Image from: Walmart Storefront / The Inquistr
Online retailers are constantly trying to better understand exactly how consumers are shopping on their websites. If ecommerce sites can better understand the digital path to purchase, they can optimize their site’s layout, make it easier for the consumer to find what they are shopping for, and ultimately drive up conversion rates. One way a retailer can do this is by better understanding exactly what shoppers are looking for when they use an onsite search tool.
Recently, Walmart announced the implementation of a new methodology to better understand a user’s search term. Items that other consumers have searched for and clicked on, as well as items generating buzz on social media sites, are all considered before the results are returned. To measure the impact of this change, I looked at two particular metrics on Walmart.com: pages per visit and attention.
Since February, pages/visit on Walmart.com has consistently decreased; shoppers are required to travel to fewer pages in order to find what they are looking for. Likewise, attention, which is determined from time spent on a site, has increased; shoppers are engaging in Walmart.com more. Together, this data means that Walmart.com is getting shoppers to their desired products faster and keeping them there longer.
One of Walmart’s goals is to compete with the ecommerce powerhouse, Amazon.com, which has had a strong hold on overall online sales, partly due to its efficient onsite search tool. While pages/visit and attention show that Walmart.com has successfully improved their onsite search, the long run goal is to drive up conversion rate. Walmart.com’s July conversion rate of 2.3% was better than that of Sears.com and Target.com, which had conversion rates of 1.8% and 1.2%. Still, none of the major brick and mortar ecommerce sites are close to Amazon.com, which had a July conversion rate of 5.1%.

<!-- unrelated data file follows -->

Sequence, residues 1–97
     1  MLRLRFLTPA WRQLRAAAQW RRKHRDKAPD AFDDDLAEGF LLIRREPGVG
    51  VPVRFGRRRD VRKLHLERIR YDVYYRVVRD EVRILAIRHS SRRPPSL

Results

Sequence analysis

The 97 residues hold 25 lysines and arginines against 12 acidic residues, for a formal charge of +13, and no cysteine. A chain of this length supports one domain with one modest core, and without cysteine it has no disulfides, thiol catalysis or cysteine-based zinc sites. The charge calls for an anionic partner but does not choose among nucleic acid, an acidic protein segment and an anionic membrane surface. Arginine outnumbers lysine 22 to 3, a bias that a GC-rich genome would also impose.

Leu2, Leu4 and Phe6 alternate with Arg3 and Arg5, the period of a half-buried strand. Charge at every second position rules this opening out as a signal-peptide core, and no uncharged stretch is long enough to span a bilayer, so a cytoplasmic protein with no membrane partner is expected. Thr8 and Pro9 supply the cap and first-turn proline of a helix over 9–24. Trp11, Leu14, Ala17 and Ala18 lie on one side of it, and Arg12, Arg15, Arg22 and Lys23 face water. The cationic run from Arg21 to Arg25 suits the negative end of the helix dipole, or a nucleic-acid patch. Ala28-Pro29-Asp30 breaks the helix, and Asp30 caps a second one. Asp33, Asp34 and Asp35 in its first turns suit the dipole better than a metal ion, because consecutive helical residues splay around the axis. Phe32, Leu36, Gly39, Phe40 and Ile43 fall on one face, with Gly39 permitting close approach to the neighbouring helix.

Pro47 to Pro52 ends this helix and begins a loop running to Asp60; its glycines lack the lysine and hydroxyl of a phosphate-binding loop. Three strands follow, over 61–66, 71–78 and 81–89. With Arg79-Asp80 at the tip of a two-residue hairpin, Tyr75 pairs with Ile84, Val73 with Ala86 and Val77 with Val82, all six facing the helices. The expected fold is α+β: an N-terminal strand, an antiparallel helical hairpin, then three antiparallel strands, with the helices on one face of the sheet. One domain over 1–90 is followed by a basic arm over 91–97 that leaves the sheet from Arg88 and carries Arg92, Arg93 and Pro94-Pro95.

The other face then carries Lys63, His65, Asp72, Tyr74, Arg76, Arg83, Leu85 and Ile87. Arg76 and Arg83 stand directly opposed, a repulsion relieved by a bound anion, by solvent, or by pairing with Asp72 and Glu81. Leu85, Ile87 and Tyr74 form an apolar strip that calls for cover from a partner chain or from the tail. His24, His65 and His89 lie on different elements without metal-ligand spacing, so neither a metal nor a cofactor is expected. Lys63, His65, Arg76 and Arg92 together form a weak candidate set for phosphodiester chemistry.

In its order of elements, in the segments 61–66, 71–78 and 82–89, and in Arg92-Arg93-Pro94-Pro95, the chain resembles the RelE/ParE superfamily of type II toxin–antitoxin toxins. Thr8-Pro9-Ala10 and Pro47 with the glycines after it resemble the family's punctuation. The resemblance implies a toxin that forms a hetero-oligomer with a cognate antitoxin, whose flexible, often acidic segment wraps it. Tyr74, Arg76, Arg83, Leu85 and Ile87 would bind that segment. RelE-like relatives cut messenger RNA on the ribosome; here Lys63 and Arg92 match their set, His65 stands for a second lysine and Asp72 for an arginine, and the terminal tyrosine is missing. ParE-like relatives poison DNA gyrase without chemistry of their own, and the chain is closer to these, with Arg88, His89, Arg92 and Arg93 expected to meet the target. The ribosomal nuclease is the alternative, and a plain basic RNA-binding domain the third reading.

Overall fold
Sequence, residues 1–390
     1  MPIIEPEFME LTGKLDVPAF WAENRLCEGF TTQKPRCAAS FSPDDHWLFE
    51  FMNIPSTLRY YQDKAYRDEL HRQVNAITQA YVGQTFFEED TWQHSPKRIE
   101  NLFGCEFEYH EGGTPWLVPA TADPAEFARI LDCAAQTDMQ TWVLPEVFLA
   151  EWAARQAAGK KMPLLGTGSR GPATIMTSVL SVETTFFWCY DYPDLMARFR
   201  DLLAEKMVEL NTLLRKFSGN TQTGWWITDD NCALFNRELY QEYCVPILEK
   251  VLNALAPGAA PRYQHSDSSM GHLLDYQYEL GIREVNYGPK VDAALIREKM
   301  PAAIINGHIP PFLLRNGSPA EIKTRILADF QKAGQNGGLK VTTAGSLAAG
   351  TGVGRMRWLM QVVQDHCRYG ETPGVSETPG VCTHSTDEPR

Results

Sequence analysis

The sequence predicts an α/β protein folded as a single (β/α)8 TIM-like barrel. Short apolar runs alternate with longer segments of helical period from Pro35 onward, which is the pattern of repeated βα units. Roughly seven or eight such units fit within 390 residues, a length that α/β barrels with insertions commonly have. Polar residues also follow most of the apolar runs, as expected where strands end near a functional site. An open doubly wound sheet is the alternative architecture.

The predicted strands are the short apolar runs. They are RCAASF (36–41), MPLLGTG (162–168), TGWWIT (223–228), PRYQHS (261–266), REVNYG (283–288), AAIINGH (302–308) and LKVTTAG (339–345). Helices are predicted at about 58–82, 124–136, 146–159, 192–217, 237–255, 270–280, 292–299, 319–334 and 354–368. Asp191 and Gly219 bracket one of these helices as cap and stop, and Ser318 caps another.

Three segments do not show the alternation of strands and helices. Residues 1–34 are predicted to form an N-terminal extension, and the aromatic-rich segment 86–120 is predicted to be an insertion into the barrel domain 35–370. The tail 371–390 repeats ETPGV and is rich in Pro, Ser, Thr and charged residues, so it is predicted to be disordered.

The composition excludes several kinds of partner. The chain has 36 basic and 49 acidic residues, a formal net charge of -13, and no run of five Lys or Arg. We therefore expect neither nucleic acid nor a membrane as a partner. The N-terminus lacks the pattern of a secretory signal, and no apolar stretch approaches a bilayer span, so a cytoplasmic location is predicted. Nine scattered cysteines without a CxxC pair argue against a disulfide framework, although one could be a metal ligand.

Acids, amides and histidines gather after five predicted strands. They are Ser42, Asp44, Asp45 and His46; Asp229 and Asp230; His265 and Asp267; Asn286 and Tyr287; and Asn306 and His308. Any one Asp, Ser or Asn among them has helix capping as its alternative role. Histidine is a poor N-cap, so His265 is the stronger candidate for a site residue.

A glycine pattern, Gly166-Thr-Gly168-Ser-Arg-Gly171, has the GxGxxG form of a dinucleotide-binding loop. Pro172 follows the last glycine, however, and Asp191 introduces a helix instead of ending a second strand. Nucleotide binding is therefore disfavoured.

It seems the power of social media websites continues to grow, as more companies are utilizing the immense amount of user created data. Although it is still relatively young, it seems Walmart.com’s new onsite search tool has harnessed the power of this data, and in turn, is doing a better job at understanding exactly what consumers are looking for. If its success continues, it seems other retailers will have to take social media data into account if they want to stay at the forefront of the ecommerce market.
Parker is a Data Analyst for the Retail and Consumer Products vertical of Compete, and spends his time turning data into insights. Parker recently graduated from Boston College with a double major in mathematics and economics. Connect with him on LinkedIn or on Twitter @parkourdill